SLIDER

13.1.11

Hair Styles: No-Heat Stretched Afro (Banding)


I actually only did this style because I wanted to see what length my hair is at currently and to give it a little trim on some of the dry, damaged ends.

I started with dry hair which had been co-washed the previous day. I then sprayed it with a water/leave-in (Aussie Insurance) mixture to make my hair damp and to prepare it for manipulation. When my hair was damp I could then detangle – I section hair and use a wide tooth comb working from the ends up to the roots.



Once my hair was detangled I began the banding process. For me it was not necessary to get my hair to straight so I didn’t use too many hair bands. I also had to use rubber bands, which is not ideal because I didn’t have enough ouchless bands.

I sectioned my hair into eight and with each section I use my Pro Tips (bristle) brush to smooth my hair and then attached bands progressively up from the roots to the tip.When banding you want to get that the first hairband, the one nearest your roots, on pretty tight (no to tight otherwise you’ll damage you scalp and hair). Another tip is the straighter you want your hair, the more bands you use. Your hair will probably be at it’s straightest if you manage to get the hair to stand upright without it being very flexible. I left the bands in until my hair dried but for best result you may want to leave them in overnight.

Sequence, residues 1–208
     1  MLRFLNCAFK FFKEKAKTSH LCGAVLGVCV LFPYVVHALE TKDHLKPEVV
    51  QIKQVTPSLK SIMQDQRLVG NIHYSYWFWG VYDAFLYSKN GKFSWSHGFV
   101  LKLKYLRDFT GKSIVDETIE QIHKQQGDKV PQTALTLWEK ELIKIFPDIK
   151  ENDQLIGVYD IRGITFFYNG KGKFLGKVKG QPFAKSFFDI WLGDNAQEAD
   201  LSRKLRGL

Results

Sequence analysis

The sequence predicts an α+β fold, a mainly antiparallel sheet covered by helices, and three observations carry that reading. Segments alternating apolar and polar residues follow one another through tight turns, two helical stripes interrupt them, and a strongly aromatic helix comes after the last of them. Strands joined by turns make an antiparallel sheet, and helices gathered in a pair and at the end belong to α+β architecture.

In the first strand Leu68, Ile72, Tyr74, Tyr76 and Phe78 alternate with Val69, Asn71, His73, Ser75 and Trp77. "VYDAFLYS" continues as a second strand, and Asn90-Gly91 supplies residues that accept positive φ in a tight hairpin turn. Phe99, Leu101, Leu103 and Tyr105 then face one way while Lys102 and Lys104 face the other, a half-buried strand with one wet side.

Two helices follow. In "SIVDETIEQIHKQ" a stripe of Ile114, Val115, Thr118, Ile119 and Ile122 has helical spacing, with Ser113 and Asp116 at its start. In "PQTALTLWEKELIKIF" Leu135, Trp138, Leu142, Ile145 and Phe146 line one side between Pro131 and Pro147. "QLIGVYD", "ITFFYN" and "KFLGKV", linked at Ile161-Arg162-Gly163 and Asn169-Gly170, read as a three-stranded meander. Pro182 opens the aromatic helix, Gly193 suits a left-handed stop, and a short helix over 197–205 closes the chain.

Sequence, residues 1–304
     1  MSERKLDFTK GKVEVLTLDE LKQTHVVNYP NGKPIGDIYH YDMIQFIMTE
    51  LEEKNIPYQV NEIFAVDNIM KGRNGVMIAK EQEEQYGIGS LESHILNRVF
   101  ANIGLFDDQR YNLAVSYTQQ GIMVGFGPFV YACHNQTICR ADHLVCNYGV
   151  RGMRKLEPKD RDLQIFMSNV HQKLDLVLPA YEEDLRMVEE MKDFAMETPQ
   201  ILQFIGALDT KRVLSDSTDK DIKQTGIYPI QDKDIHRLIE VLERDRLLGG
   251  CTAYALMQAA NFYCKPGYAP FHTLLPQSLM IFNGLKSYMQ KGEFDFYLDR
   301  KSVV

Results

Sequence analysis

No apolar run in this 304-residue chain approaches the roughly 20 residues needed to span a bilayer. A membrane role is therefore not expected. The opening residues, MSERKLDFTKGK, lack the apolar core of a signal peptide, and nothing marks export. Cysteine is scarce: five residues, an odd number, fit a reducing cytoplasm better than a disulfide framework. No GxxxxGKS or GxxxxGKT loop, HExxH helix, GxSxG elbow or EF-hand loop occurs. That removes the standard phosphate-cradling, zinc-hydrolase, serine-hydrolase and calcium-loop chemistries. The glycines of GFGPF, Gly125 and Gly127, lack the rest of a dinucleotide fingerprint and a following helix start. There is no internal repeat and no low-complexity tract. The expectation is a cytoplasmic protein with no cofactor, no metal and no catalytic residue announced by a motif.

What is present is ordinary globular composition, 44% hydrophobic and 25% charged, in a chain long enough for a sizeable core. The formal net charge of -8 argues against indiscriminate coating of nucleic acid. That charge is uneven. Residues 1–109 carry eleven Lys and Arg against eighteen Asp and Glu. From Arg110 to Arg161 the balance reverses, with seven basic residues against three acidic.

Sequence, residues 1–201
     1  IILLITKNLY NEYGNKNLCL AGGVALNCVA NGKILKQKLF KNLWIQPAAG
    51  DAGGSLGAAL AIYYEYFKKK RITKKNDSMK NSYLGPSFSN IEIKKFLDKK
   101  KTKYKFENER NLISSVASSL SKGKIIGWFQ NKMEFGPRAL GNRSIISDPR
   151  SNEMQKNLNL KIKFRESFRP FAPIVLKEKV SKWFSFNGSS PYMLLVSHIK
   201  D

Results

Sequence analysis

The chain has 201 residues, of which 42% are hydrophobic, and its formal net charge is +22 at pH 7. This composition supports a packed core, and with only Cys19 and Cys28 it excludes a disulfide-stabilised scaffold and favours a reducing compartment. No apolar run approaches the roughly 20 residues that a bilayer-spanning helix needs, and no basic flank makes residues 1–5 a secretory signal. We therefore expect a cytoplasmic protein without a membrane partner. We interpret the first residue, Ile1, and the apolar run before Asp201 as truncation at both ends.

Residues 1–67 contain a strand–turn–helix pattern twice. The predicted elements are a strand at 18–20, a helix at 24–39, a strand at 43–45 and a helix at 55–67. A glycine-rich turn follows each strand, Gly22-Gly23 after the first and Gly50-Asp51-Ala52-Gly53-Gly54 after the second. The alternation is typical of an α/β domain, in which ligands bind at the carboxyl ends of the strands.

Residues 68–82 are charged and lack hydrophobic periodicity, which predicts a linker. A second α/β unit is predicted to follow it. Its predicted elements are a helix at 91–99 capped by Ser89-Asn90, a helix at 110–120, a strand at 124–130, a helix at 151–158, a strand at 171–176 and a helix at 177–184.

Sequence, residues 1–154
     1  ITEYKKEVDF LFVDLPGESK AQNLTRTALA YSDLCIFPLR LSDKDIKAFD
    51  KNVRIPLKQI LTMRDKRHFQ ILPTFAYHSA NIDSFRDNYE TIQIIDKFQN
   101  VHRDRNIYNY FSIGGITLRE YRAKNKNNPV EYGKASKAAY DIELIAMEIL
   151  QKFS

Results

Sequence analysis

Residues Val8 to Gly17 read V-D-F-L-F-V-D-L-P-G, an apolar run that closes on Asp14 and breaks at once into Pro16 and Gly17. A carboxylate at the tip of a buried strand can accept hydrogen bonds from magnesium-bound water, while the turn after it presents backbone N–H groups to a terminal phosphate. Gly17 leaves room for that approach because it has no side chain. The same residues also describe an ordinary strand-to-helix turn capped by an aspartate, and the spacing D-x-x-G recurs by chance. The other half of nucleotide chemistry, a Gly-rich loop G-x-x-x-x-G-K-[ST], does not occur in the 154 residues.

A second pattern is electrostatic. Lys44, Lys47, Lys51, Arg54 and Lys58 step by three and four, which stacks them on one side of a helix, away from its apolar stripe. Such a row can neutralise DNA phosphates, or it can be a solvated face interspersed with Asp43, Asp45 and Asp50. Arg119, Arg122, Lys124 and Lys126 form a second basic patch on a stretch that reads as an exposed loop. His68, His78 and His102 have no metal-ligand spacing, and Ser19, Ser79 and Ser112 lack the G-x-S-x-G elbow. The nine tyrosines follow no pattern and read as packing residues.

I added a little parting to my stretched ‘fro, a chain headband, some accessories and a little make-up. I think it ended turning out better than I expected. What do you think?


See the videos below for examples of how to do banding:






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